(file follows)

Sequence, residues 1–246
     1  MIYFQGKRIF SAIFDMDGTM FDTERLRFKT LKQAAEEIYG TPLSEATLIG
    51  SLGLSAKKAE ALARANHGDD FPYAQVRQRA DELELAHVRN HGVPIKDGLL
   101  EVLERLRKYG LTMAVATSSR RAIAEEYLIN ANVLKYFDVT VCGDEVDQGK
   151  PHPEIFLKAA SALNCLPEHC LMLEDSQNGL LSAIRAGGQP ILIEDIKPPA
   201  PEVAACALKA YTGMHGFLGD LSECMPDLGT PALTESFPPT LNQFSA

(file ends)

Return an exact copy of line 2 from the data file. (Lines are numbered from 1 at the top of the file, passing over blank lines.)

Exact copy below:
     1  MIYFQGKRIF SAIFDMDGTM FDTERLRFKT LKQAAEEIYG TPLSEATLIG